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To assess athletic trainers' perceptions with regard to (a) their role in counseling athletes, (b) how qualified they felt to address counseling issues, and (c) current training room procedures for providing psychological services to athletes.
A 47-item, open-ended survey was administered to Division I certified athletic trainers who volunteered to participate.
Fourteen Division I certified athletic trainers (mean age, 33 yr; range, 24 to 47 yr) volunteered to participate in the survey. They included five head athletic trainers, five assistant athletic trainers, three graduate assistants, and one associate director of athletics and sports medicine.
Survey results were tabulated and reported in percentages.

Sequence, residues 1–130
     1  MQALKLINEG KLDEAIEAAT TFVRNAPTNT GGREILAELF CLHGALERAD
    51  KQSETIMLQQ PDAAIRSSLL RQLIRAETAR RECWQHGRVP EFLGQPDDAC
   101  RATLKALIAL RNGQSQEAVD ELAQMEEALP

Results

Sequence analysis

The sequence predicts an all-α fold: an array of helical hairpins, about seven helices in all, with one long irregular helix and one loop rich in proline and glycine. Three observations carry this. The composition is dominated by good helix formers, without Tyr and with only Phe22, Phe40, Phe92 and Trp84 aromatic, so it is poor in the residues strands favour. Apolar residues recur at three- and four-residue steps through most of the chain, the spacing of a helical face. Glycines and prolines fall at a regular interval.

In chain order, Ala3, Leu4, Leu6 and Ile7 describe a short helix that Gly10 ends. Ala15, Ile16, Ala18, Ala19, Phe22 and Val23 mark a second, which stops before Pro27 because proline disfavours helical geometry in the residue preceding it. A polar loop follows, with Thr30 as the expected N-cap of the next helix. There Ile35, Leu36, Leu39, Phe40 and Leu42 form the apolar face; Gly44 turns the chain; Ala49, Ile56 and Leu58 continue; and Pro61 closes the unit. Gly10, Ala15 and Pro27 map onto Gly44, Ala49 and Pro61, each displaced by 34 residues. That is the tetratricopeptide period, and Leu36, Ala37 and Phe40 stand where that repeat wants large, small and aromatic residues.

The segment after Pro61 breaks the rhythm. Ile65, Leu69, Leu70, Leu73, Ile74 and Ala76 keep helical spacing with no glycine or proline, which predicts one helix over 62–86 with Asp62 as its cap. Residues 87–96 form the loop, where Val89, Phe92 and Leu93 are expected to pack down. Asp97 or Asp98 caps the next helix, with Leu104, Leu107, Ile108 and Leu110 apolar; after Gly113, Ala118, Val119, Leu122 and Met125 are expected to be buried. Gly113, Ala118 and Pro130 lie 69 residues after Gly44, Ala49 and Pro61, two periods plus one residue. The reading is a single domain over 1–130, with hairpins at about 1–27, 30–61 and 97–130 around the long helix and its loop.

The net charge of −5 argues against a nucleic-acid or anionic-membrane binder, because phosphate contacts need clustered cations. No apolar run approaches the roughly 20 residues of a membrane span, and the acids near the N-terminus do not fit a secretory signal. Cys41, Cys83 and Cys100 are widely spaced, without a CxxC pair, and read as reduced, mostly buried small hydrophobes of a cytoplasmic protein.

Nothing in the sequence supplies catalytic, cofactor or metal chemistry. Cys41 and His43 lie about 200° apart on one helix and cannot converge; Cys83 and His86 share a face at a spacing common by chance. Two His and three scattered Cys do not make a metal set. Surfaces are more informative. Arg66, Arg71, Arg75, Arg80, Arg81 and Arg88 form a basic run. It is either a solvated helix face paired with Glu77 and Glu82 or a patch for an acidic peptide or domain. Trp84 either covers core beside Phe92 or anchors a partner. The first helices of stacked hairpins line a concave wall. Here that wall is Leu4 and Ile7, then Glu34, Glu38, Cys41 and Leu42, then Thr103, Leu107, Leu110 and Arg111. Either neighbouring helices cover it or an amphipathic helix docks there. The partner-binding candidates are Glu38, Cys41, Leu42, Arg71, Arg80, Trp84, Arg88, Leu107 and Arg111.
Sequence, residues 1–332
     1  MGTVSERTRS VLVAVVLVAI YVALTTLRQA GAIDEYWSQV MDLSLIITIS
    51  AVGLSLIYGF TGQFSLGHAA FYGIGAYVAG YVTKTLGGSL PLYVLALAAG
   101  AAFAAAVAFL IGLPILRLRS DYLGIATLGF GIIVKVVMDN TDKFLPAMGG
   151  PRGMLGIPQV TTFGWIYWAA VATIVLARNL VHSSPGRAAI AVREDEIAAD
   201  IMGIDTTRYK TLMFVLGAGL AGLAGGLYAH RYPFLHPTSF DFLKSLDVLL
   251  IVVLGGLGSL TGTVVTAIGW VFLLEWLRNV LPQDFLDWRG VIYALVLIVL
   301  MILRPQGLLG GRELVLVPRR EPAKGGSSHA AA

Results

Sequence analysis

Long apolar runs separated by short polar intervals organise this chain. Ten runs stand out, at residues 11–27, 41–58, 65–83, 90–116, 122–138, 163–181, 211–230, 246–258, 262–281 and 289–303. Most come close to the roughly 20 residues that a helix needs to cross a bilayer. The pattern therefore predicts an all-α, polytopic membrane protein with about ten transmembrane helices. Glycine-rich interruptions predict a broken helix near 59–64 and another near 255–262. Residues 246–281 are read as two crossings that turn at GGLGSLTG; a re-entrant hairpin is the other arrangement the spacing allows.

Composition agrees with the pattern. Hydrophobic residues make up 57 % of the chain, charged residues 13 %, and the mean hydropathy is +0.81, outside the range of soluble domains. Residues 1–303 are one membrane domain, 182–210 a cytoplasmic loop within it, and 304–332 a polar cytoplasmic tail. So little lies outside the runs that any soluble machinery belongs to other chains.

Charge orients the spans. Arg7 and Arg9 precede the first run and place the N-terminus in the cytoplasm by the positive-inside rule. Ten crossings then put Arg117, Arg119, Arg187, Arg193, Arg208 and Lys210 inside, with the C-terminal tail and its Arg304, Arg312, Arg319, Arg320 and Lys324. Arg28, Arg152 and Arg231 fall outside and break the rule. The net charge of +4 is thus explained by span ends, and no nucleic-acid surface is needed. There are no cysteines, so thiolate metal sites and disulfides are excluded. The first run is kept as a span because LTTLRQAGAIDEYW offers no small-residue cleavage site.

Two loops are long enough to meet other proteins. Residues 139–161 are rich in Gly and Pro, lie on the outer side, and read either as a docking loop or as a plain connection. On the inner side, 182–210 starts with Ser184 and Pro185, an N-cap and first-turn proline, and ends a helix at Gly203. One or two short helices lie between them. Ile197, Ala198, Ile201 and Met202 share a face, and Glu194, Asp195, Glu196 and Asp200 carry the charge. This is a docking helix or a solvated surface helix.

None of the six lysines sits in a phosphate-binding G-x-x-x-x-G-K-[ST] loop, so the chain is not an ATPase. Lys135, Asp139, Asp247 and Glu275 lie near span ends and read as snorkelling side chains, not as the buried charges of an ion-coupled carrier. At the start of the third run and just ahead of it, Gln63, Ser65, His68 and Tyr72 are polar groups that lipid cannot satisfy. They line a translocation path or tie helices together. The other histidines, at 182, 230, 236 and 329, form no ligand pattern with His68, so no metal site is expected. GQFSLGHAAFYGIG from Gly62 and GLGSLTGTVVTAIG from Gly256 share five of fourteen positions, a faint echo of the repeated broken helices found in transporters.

Athletic trainers felt that their roles went beyond the care and prevention of athletic injuries, yet they did not necessarily feel qualified to counsel athletes. Most athletic trainers were familiar with on-campus student support services to which student athletes with personal issues could be referred for assistance, but none had access to a sport psychologist.
It is recommended that the NATA include counseling preparation in curriculums and that continuing education be offered to provide certified athletic trainers with current information and skills for delivering psychological services to athletes.